6.) Learn from others. Find teenagers, professionals, or reputation resources who are doing things the right way and model your online presence in a similar manner. Read the survey’s that have been conducted and make informative decisions on what personal material is appropriate to share publicly, and what is not.

7.) Keep private information private. Have you heard the saying the “Internet is forever?” You may think you can easily hit delete, and what you sent goes away. But it truly doesn’t. Be aware and learn why the Internet is permanent.

8.) The Golden Rule. Never has this rule applied more than to how you speak to others online. What are you truly accomplishing by saying things behind the veil of a computer screen, that you would never say to someone in person? Treat others as you would like to be treated. Simply put, if you don’t have something nice to say, don’t say anything at all. Remember, you can’t truly delete when you SEND.

9.) Don’t be afraid to make a mistake, but be mindful that being careless, too open, too trusting, and realize spending too much time on the Internet, has real consequences.

10.) Build your own positive image and brand yourself in a great way. Say “iAm” to the world. I created a wonderful lesson for my class by asking them who they are as people, not as students. I then asked them to create a short video to show me who they are. It was a great success and I learned a lot about my students in a very positive way.

What does digital citizenship mean to you


What does digital citizenship mean to you?

Digital citizenship is usually defined as the "norms of behavior with regard to technology use." It encompasses digital literacy, ethics, etiquette, online safety, norms, rights, culture and more. Microsoft recognizes that good digital citizenship, when you use computers, gaming consoles, or mobile devices, promotes a safer online environment for all.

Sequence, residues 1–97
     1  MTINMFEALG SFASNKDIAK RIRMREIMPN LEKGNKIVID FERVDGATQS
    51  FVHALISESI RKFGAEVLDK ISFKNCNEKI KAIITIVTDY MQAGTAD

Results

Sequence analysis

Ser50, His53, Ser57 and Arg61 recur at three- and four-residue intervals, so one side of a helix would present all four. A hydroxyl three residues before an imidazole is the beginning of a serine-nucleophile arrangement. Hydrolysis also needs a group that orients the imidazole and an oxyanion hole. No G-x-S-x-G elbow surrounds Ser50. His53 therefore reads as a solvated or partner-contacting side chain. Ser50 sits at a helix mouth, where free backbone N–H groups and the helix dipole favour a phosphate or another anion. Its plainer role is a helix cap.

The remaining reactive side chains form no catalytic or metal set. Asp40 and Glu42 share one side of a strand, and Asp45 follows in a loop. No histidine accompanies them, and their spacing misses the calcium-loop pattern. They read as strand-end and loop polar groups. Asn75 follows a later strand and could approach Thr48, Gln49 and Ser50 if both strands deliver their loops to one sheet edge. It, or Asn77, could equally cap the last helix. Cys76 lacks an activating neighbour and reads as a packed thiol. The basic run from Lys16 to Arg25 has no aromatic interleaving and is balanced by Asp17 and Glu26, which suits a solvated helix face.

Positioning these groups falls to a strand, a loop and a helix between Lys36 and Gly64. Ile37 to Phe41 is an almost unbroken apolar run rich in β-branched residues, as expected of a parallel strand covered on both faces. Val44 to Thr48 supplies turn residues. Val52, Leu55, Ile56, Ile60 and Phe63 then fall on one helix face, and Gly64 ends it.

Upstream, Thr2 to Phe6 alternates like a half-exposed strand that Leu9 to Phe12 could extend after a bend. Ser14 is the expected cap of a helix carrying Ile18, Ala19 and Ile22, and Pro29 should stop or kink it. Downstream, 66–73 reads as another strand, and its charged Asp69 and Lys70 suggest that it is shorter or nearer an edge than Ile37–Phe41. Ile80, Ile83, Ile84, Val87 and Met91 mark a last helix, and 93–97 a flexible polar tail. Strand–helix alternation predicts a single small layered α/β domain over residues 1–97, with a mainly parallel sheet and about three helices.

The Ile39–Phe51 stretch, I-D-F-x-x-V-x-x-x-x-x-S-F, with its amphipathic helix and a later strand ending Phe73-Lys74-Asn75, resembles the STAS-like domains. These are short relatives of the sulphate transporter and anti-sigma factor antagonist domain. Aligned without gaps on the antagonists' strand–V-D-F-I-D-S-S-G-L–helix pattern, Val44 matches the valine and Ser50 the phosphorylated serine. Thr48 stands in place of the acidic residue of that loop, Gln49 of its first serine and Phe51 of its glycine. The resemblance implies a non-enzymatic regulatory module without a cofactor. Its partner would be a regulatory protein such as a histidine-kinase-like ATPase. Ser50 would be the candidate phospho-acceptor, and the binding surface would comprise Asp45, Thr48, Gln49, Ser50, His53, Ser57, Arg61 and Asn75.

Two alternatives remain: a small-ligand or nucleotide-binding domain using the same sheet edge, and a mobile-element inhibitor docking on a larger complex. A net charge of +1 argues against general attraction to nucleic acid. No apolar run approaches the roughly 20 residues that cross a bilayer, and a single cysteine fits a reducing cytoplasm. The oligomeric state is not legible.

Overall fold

The visual whitepaper, "Fostering Digital Citizenship," discusses why digital citizenship matters and outlines the education young people need as they explore, learn, and essentially "grow-up" online. This paper also addresses the three types of risks you might encounter in online activities: Content, Contact, and Conduct.

Managing your online behavior and monitoring your reputation are important elements of good digital citizenship. Microsoft recently surveyed teen and parental attitudes, awareness of, and behaviors toward managing their online reputations.

Teens share considerably more information online than their parents and, as a result, expose themselves to more risk; they also feel more in control of their online reputations.

Teens believe the benefits of sharing information online outweigh the risks, with the exception of sharing a physical location.

Teens and parents worry about different things. Teens are most concerned about getting into college (57%), landing a job (52%,) and being embarrassed (42%). Parents worry about fraud (54%), being embarrassed (51%,) and career (43%).

The encouraging results suggest that American parents and teens are actively managing their online reputations—and with an eye toward good digital citizenship.

Below are resources to help you learn more about digital citizenship and protect your online reputation:

Policy background: Digital Citizenship (PDF)

Digital Citizenship: Testimonials from the Experts (PDF)

Own Your Space – An Online Reputation That Counts: A Guide for Teens supplemental chapter (PDF)

For educators: Top Tips for Secondary Schools (PDF)

Fact sheet: Take Charge of Your Online Reputation (PDF)

Tips for the disorganized student

Tips taken from the following blog, Teacher's Hub

A disorganized student is often described as forgetful and messy. They have a hard time keeping track of their materials and using their time efficiently. These students tend to have messy desks and repeatedly forget their homework. The simplest of tasks can baffle a disorganized student. This lack of organizational skills can be easily fixed by providing students with a few strategies to keep them on track.